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Getting the Juice We Need

Here's the rub. To travel into remote areas like northern Labrador and the Torngats, you have to carry everything you could possibly need. Everything.

So, on this trip we're carrying:

7 Woods packs (traditional canvas with leather straps and tumpline),
2 Serratus packs (extra strong nylon),
1 Woods Mason Pack (similar to a Serratus),
1 York Pack (a rigid plastic box with straps attached) and
Andrew Macdonald's Wannigan (a wooden box with a leather tump).

Of the 7 Woods packs, four are used for food, three are for equipment and community gear. The Serratus and the Woods Mason packs carry the clothing and tent for two people. The York Pack protects the generator and some of Geoff's overflow food, the Wannigan will hold the mess kit, pots, and some other stuff Andrew won't tell us about. As well, we're carrying 4 Pelican cases (hard, thick plastic cases that are totally waterproof and dustproof) to carry all the imaging, computing, and communications equipment.

All this weighs in at around 500 kilos. And it must all be hauled, lugged, heaved, and carried. On the bright side, by the end of the trip we will have shed about 200 kilos of that amount (not including what falls off us).

And yet with all this high-tech equipment and modern materials, we rely on fur trade methods of carrying all that stuff: the tumpline and poses. The tumpline is a tapered leather strap used instead of shoulder straps to carry packs: the widest part of the strap is placed across the forehead and the pack rests against the back. Now, there are lots of people out there who swear by the new adjustable shoulder strap and loading systems of today's packs and we have nothing against those systems (so no fiery e-mails, please). It's just that we have found that relying on shoulder straps alone to carry packs is inappropriate to the portage trail because of the much heavier -- sometimes as much as two to three times as more than the contoured back country packs -- and asymmetrical loads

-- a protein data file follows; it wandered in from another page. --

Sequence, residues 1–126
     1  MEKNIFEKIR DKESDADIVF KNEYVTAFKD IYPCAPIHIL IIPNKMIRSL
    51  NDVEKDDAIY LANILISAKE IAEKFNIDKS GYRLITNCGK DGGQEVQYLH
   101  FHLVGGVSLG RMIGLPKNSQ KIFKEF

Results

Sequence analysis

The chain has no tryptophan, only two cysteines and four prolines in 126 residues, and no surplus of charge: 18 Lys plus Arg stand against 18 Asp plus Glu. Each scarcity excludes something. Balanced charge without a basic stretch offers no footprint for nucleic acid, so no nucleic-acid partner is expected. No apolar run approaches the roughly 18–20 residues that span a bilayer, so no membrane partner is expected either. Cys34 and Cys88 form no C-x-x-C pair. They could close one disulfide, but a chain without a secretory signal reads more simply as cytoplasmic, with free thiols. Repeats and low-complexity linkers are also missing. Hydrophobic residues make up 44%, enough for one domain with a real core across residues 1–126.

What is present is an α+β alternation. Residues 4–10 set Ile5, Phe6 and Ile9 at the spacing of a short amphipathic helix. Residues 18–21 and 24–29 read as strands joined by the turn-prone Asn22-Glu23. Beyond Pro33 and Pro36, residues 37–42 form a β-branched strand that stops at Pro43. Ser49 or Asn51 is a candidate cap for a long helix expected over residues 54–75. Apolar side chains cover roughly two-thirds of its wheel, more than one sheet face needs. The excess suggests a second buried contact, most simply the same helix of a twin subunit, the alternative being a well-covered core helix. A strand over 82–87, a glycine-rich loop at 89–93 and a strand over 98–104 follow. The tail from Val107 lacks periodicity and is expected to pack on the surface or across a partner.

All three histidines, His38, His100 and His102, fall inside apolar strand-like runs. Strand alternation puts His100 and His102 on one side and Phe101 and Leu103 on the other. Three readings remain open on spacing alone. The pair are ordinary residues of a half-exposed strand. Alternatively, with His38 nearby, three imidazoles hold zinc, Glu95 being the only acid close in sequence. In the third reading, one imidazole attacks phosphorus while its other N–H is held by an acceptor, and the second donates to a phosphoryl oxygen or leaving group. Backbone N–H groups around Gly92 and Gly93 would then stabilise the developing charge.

A tumpline keeps the weight squarely on the shoulders and running down the spine: shoulder straps can pull one off balance because the weight is in behind and exerts a force away from the body. The tumpline allowed the voyageurs to carry excruciating loads. And the voyageurs were not big burly guys, most were under 5'6" because they couldn't take up too much room in the canoe. But at a portage, they would load up one pack with the tump then toss one or two more packs, sacks or barrels on top and head off down the trail at a trot with a 100 kilo-plus load!. At the height of the fur trade, almost every portage trail had a least two or three crosses to mark the remains of a voyageur who had either drown before the portage or had ruptured or broken something or things because of a heavy load while on it.

For sure there are some shoulder systems that distribute their load down the spine, but these packs lack the carrying capacity needed for extended wilderness trips. Double packing (carrying two packs on shorter portages) is also easier with a tump because there are no straps to cut into your shoulders when carrying 50 to 70 kilos. More important, because a tumped pack is attached by one strap at the forehead, if you trip or stumble, you can throw your load off to the side to regain your balance instead travelling to wherever the pack decides to take you because you are "lashed" to it. Tumps can prevent serious trip-ending injuries... or worse.

Poses are another voyageur practice. It's a method of maintaining one's energy on the portage trail. Instead of carrying loads from start to finish, the portage is broken into segments -- each one slightly longer than the previous. For instance, say you're at the head of a 1500 m portage. You load up and travel, say, 600 m, drop the pack and go back for the other load. By the time you reach your second load, you have your wind back and are ready to carry. This time, though, you take your load farther than the first, say 800 m out. You drop the back and go back for the first. By the time you reach it, you've recovered your wind again and can take the next load another 500 or 600 m. There you drop it and fetch the second, and take that one to the end, then go back for the your first load. Overall, it takes about as much time as humping the full load in two complete trips and you are not so worn out at the finish. Of course, near the end of a trip we have double packed a portage in one trip because the packs have become lighter and we have been conditioned enough to go that much harder.

It all comes down to personal choice. We certainly don't want to dictate to others how to carry a pack or how far to carry it -- we would never interfere in your right to be wrong! -- so we will leave that to the tech-weenies. But make sure give both methods a reasonable try before defending one over the other. Then we can say "Told you so!"

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